I thought I would broaden the perspective this week about entrepreneurship with an element that relates to one of the important features of behaving in an entrepreneurial fashion—networking.
There appears a revolution of sorts occurring in Europe, Canada and the U.S. That revolution is the formation of “ business networks.”
Is this something that is intellectually original, a new phenomena? No, it is not. Networking has been a conventional business practice in a variety of fashion for many years.
What are business networks? Essentially, they are informal groupings of successful or about to become successful small and medium sized enterprises which come together to form a critical mass in order to compete in a more diversified fashion in the market place.
The management text on our wall tells us that it is similar to a “virtual corporation.”
This critical mass allows enterprises to achieve the ever popular and critical competitive advantage that we love to talk and read about while contemplating our next entrepreneurial milestone.
Such competitive advantages may relate to the following examples:
• Scale—to share complementarities and resources, reduce costs
• Scope—to identify and capitalize on the new market opportunities that may occur and;
• Speed—recognizing that time is an essential factor in being competitive at any level of market entry.
Interestingly, small and medium enterprises can form any type of business network that would assist them to become more competitive and enhance their opportunity for market growth.
In practice, and I do believe strongly, that all of us, regardless of size, can learn and acquire new skills from this description, there are three general categories of networks:
• Horizontal. They are usually in the same industry sector e.g. agri-food, forestry and at the same stage of development within a relatively same geographic proximity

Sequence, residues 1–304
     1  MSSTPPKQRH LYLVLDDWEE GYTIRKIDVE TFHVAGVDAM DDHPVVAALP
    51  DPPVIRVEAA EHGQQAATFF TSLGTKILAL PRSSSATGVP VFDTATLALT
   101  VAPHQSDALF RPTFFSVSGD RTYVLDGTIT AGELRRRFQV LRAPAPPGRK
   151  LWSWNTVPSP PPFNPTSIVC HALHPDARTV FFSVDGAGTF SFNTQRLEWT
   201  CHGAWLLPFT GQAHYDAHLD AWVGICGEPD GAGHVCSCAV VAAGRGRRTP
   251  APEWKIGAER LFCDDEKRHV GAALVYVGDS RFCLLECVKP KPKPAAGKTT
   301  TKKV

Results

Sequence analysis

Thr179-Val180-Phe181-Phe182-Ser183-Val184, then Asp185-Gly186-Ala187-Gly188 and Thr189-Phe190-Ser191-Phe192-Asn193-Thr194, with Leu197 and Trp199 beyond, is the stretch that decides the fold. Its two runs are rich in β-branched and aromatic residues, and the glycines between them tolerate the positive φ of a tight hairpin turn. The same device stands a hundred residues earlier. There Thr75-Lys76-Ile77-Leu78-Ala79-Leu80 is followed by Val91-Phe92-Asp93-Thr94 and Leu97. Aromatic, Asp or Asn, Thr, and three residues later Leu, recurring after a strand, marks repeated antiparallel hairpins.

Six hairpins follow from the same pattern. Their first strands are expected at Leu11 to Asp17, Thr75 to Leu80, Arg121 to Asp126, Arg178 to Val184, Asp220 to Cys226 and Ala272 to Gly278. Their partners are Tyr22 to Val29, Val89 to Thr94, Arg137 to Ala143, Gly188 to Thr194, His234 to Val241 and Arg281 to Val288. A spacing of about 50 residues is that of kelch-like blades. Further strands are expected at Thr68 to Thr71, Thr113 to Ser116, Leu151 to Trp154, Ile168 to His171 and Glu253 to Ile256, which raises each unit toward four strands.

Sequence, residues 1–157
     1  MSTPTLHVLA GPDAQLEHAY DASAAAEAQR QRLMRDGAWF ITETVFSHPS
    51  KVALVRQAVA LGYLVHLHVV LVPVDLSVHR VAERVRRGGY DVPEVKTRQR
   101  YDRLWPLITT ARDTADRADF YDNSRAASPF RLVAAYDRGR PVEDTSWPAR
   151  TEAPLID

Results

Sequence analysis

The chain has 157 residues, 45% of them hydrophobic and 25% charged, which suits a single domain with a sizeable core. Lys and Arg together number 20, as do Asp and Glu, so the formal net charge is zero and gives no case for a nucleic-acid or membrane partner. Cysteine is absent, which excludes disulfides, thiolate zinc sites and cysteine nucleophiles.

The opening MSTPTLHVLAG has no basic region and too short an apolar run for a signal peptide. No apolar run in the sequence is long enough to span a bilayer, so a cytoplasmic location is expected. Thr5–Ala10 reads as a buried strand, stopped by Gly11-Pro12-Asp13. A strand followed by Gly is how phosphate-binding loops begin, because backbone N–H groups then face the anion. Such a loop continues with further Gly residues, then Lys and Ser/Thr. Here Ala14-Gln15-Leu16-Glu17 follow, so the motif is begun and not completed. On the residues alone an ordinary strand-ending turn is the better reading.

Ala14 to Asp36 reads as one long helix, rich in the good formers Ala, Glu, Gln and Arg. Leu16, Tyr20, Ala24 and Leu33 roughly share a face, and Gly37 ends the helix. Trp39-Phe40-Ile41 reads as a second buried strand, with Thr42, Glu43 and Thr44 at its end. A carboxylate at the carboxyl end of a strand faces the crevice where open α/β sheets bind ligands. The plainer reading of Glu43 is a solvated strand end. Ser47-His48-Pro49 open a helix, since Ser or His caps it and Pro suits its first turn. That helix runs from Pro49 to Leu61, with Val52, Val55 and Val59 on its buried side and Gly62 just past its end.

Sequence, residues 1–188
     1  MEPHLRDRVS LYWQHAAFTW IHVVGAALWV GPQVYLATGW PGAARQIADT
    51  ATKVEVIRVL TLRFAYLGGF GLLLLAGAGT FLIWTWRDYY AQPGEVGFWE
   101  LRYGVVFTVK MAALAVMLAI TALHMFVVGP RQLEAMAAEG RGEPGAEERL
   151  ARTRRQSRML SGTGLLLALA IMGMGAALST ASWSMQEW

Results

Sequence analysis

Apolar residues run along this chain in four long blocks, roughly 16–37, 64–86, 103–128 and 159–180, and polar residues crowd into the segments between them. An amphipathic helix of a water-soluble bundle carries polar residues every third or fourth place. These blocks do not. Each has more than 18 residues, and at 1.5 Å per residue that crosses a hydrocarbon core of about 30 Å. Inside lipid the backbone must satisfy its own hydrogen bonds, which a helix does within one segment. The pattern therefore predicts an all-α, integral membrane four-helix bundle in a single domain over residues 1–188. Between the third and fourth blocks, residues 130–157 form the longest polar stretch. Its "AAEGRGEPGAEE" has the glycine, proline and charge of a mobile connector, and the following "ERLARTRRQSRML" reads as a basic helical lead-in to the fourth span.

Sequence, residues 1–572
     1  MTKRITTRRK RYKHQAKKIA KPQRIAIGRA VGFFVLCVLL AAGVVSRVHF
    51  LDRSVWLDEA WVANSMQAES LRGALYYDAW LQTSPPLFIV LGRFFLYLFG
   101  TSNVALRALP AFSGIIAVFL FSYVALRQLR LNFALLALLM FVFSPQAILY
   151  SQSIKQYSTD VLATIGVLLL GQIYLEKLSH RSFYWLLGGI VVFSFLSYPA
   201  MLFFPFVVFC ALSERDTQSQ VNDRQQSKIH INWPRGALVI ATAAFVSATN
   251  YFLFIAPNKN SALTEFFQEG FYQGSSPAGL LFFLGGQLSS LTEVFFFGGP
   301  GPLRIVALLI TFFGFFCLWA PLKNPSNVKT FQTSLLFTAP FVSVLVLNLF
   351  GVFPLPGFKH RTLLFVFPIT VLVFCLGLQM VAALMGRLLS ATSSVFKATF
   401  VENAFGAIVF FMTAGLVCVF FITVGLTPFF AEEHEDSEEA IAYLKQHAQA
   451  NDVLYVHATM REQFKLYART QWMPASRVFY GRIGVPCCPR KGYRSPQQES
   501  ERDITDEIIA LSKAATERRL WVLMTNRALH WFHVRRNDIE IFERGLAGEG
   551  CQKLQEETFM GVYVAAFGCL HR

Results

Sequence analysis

• Vertical. That is where the small- and medium-sized enterprises are suppliers to larger, final-product manufacturers i.e. where the larger source from the smaller enterprises
• Cross-sectoral. That is where un-related small and medium enterprises work as partners with other firms from different sectors often highly productive in innovation and new product development.
These business network configurations enable member firms to co-operate and collaborate in order to leverage the marketplace to better advantage, to grow, to export, to reinvest, to diversify, thus, becoming engines of growth and contributing substantially to building a new economic base for a region – such as the Okanagan.
The process, quite frankly, dear readers, of forming business networks is quite simple in conceptual design.
The first stage involves getting prospective membership together to explore the feasibility of doing a singular project together, such as joint marketing, joint or group procurement, or even forming an export market consortium which would be an interesting venue for many of our smaller wineries in the Okanagan.
The second stage requires the preparation of a business plan putting it all together with the third stage being the actual implementation of the plan itself.
Business networks constantly go through this cycle, refocusing and re-combining with new partnerships to leverage the marketplace.
Several years ago, I had the opportunity to lead the formation of training for 20 business network brokers in Saskatchewan that provided a forum for prompting the creation of many business networks in several sectoral areas.
I think, through the Okanagan Valley Entrepreneurs Society, we could establish that assistance to industry sectors here, as well, and I will plan to present my recommendation to the board of the society later this week.